If you don’t know who Madlib is, here’s a brief bio: born Otis Jackson, Jr., his dad is a musician and his brother is producer/rapper Oh No. He first made his name as part of the Lootpack crew in the early 90s before going solo later that decade. He’s collaborated with J Dilla (2003’s Jaylib album), MF DOOM (2004’s Madvillain album), and produced tracks for Percy P, Guilty Simpson, Erykah Badu, and Talib Kweli. He has more aliases than a gun runner, rapping as Quasimoto, doing jazz as Yesterday’s New Quintet, and doing collaborations with Brazilian artist Ivan Conti as Jackson Conti. He puts out several albums a year, and in 2010 is putting out one a month as part of his “Medicine Show” series. March’s entry is his fourth Beat Konducta collection, comprised of beats made from African music.
This is one of the stronger Beat Konducta albums in terms of creating a groove, owing mostly to the source material. Drums are a central element in African music, and they feature prominently here. While Madlib does use a drum machine at times, most of the album features samples and loops of live drums. Hip hop is rooted in the beat, so taking it all the way back to its roots makes sense, and results in some of the most banging beats Madlib has created in a while. Madlib’s subdued spaciness is still present, but the music he’s sampling creates a steady rhythm that propels the album along.
In many ways, “Beat Konducta in Africa” is a tribute to the continent, with voice samples spelling out the accomplishments of Africans, and the music samples showing their sonic achievements. The line, “THIS is Africa!” is repeated throughout the disc, always to a different instrument or a different type of music, making a point about how multicultural the continent is. Tracks range from tribal drumming on “Yafeu” and “Afritonic Pt. 1” to the cooking African funk of “The Struggle To Unite (One Africa)” and “Afrosound Panorama.” As with all Beatkonducta albums, Madlib chops and mixes the samples like a master chef. He cuts native instruments with programmed boom-bap on “Chant 2.” “Spearthrow for Oh No” is a jumble of drums, guitar, and a vocal sample of an American musician shocked at the crowd at a gig on an African tour.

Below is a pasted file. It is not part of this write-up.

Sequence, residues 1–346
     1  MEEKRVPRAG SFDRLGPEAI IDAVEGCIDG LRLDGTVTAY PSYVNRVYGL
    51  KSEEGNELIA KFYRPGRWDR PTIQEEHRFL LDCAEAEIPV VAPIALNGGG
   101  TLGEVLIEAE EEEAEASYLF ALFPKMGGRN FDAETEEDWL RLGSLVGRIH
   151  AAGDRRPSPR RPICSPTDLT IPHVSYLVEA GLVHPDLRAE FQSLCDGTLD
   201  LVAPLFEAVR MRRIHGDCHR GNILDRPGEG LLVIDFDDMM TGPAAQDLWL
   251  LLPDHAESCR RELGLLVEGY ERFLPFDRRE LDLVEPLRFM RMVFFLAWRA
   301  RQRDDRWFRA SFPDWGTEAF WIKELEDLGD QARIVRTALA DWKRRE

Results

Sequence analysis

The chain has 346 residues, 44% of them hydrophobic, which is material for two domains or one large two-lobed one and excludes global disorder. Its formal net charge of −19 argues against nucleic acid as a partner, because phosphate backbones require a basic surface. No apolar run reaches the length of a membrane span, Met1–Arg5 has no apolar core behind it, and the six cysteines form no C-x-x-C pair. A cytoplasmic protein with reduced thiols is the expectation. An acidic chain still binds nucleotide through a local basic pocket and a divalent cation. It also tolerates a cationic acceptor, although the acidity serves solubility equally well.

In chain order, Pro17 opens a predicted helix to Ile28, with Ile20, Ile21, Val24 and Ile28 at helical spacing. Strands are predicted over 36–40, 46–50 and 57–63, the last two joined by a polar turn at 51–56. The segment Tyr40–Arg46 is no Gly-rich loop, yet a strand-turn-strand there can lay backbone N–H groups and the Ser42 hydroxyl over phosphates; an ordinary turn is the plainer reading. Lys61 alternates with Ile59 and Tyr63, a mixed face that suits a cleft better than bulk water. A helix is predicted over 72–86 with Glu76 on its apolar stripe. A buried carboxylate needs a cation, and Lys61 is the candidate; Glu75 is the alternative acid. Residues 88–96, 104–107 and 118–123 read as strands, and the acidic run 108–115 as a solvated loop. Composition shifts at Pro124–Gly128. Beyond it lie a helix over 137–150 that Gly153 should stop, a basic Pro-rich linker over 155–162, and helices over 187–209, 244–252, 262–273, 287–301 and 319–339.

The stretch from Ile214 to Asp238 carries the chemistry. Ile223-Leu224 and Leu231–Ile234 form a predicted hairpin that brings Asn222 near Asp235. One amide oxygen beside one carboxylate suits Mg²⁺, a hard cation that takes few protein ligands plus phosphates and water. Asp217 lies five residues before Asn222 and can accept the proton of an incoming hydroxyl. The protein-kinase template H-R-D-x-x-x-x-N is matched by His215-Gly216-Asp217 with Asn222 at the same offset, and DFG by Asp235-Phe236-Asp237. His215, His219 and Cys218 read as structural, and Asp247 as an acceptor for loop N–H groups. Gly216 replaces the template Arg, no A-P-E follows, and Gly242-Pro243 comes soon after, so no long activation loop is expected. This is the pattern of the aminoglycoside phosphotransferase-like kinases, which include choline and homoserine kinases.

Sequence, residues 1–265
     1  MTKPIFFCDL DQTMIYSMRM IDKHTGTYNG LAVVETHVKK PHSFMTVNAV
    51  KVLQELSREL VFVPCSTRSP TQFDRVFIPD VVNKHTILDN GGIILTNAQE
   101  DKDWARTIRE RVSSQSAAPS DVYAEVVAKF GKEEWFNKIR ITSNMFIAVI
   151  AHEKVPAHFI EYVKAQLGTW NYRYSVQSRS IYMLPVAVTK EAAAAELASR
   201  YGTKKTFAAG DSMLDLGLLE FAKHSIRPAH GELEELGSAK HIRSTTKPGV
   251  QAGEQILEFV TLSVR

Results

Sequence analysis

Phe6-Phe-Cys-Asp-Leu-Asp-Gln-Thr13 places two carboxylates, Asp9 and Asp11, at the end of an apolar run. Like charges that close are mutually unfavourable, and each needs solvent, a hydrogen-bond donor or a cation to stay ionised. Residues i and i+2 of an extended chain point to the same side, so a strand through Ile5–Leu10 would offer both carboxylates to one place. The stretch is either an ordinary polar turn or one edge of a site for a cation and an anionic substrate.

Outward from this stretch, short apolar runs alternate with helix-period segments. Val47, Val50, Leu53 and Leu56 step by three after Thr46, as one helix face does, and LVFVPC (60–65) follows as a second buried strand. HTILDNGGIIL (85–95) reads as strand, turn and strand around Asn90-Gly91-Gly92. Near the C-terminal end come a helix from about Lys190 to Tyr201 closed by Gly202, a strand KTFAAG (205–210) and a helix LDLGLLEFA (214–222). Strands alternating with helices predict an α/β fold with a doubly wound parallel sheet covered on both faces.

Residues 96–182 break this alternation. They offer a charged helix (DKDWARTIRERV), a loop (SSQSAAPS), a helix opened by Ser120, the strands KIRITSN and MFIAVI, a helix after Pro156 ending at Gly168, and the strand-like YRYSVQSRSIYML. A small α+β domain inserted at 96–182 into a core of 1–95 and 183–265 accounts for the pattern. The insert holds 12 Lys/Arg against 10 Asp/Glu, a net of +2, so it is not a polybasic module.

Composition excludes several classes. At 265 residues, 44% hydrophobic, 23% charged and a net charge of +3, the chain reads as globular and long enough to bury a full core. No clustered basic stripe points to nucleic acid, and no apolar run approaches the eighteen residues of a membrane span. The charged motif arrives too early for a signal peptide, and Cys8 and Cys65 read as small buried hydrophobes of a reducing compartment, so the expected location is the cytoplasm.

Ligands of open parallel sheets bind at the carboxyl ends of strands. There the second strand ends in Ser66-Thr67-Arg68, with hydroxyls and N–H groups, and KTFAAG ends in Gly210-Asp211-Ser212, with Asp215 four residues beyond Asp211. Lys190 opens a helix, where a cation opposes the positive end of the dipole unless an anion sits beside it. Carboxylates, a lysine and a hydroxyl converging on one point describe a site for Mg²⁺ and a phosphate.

There is a certain narrative to the disc. “Tear Gas and Bullets for Freedom,” captures the chaos and violence that have troubled Africa for too much of its history. “Red, Black, and Green Showcase” highlights the struggle for African unity and self-determination. Madlib samples African musicians talking about their craft on “Blackfire,” and clips of African-Americans talking about the experience of returning to the Motherland on “Kanika.” In some sense, “Beat Konducta in Africa” is a tour through Africa and its history. It’s also a tour through African music, with Madlib sampling everything from high life to Fela Kuti to more traditional music. As someone who enjoys African music, but doesn’t have a very deep collection, I appreciated the guided tour through Madlib’s vinyl.
None of the tracks are longer than three minutes, and most of them clock in around 1:30. There is a propulsive energy to the disc, and Madlib manages to maintain a groove for the entire 78-minute running time. I found myself loving this in 20-30 minute increments, but it’s a lot to digest all in one sitting. If you are a Madlib fan, an African music fan, or a you love drums, you have to get this. He probably could have edited it down to less than an hour, but even in its expanded form it’s remarkable. Most importantly, it supplies some serious head-nod.